Nigella: Sim­ply divine

Nigella Law­son knows that some­times the best meals are the ones that don’t take much time, writes SHAN­NON MOLLOY

Sunday Tasmanian - Tassie Living - - NEWS - SIM­PLY NIGELLA TUES­DAY, 8PM, ABC

CELEBRITY chef Nigella Law­son could be just about any­where in the world, but grate a lemon zest and she’s in­stantly trans­ported back to Italy.

It was there that Law­son (pic­tured) ven­tured in her gap year af­ter school, know­ing no one but want­ing to ex­pe­ri­ence Florence. To this day, that dis­tinct cit­rus scent makes her mind fondly wan­der back to Tus­cany’s his­toric cap­i­tal.

“I im­me­di­ately feel up­lifted by the smell of lemon,” Law­son says. “I re­mem­ber liv­ing there [Italy], see­ing the lemon trees, and it’s an in­stant hit of joy.

“It’s the same kind of thing with roast chicken – that smell re­minds me of my mother’s kitchen when I was a girl, and I get great com­fort from that. Ac­tu­ally, she used to squeeze a lemon and put it in­side the chicken, so maybe that’s why those two are so spe­cial.”

Law­son de­scribes smell as an “in­tense trans­mis­sion of emo­tion”. Words aren’t nec­es­sary – a mem­ory comes flood­ing back and you’re left to “drink up what’s there”, she says.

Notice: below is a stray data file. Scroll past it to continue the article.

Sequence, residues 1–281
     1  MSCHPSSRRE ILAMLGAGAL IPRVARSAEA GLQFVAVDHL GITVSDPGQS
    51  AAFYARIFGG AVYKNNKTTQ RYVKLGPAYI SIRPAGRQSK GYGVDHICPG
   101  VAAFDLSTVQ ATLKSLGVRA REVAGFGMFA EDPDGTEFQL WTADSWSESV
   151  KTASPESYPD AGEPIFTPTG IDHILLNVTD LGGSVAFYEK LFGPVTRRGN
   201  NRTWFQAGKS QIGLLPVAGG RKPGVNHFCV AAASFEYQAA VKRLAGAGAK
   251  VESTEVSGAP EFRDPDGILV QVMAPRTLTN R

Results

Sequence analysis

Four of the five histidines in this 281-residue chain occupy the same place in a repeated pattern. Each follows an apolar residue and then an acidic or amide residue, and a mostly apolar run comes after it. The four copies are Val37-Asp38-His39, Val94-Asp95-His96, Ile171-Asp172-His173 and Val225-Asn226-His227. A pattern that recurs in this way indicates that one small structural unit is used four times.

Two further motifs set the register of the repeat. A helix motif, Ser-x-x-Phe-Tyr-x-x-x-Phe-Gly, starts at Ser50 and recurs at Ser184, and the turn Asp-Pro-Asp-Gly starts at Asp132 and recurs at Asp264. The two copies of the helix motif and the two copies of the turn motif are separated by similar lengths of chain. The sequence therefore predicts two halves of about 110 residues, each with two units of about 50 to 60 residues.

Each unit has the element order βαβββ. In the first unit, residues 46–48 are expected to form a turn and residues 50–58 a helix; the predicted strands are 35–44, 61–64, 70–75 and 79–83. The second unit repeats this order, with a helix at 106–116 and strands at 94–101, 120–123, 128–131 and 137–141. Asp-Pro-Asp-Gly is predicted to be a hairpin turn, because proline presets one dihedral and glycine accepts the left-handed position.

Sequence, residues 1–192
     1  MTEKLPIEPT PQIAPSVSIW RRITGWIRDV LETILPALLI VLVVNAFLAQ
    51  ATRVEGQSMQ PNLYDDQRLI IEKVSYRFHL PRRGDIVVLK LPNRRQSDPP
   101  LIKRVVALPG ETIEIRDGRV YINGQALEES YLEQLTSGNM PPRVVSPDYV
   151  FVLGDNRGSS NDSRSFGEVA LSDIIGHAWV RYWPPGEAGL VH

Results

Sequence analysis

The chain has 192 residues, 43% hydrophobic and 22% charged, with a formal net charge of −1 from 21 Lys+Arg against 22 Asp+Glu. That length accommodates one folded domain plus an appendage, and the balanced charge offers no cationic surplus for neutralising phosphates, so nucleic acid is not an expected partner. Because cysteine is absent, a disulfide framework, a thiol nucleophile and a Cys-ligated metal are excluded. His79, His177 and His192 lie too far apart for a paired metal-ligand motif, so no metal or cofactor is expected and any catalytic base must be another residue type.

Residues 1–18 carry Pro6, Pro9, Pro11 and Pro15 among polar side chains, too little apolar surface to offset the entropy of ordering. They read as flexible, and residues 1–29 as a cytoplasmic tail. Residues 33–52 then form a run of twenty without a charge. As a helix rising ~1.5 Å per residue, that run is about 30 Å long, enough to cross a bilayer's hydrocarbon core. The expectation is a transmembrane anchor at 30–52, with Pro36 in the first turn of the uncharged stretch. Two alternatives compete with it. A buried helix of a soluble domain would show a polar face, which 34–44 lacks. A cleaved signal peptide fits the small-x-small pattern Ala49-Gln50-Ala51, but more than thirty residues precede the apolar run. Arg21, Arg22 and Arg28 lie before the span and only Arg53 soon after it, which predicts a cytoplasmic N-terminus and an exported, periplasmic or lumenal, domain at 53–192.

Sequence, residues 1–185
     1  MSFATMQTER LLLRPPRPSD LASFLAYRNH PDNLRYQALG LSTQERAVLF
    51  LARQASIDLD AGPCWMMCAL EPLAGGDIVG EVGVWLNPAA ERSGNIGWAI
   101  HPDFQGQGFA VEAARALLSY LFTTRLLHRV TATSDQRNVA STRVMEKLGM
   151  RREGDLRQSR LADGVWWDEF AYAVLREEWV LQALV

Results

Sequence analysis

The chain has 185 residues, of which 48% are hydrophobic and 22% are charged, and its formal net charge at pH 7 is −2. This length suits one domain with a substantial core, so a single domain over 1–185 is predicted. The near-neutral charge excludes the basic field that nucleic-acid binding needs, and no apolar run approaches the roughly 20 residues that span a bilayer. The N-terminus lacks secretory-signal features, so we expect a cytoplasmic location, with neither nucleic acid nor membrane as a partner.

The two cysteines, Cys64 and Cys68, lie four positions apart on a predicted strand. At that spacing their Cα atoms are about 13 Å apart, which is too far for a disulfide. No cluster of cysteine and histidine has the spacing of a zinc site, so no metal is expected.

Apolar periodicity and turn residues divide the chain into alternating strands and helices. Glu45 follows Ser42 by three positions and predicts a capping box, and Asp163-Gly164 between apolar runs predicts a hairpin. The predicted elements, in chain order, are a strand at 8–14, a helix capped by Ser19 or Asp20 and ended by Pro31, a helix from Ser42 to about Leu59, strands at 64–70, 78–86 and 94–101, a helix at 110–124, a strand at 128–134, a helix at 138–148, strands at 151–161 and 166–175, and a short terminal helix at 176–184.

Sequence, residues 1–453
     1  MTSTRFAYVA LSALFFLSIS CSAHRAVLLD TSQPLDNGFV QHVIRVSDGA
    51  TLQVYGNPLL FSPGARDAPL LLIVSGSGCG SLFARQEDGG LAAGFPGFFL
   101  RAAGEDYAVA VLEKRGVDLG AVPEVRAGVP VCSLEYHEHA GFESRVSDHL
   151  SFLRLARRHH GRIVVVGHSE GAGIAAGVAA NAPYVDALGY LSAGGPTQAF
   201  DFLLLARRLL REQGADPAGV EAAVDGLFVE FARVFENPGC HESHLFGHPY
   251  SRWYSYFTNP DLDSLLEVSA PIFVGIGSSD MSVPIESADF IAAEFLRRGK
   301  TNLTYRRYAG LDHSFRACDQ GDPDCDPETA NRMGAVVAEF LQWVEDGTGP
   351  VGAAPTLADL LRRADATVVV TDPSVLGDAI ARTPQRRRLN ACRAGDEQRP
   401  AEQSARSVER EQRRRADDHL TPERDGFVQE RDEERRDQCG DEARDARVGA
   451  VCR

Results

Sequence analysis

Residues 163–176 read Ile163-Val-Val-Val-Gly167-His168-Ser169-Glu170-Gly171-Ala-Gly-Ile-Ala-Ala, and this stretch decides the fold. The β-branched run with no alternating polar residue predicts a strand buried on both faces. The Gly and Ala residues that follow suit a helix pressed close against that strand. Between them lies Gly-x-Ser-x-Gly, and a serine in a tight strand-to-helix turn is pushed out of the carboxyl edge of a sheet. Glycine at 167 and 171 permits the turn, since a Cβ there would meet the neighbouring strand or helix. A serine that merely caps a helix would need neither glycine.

“Not only do I take plea­sure in it, but it’s a way of pass­ing on the seed of hap­pi­ness to my chil­dren,” Law­son says.

“I think that’s an im­por­tant part of them cook­ing, too.”

It hasn’t been the eas­i­est time of late for the Bri­tish culi­nary queen, who has built an em­pire on TV shows in­clud­ing her lat­est, Sim­ply

Nigella, along with books and other busi­ness ven­tures.

In June 2013, she en­dured the very pub­lic break­down of her mar­riage, a bit­ter court case in­volv­ing two for­mer as­sis­tants charged with fraud and a se­ries of shocking rev­e­la­tions in the UK press. Af­ter dif­fi­cult or stress­ful days, Law­son says she gets great com­fort from be­ing in the kitchen and un­der­tak­ing process-driven tasks.

“I find stir­ring or chop­ping and stand­ing at the stove makes me feel quite calm,” she says.

“Food has this won­der­ful abil­ity to con­nect me with the world in a way that makes me feel grounded. Most of the time … do­ing some­thing that’s purely man­ual labour is a way of grab­bing a few mo­ments out of that non-stop world.

“Even if some­thing takes just 10 min­utes to cook, that’s 10 min­utes when you’re away from all the non-stop­pery of nor­mal life. That’s what it feels like for me. I think that’s why I strive for things to be sim­ple.”

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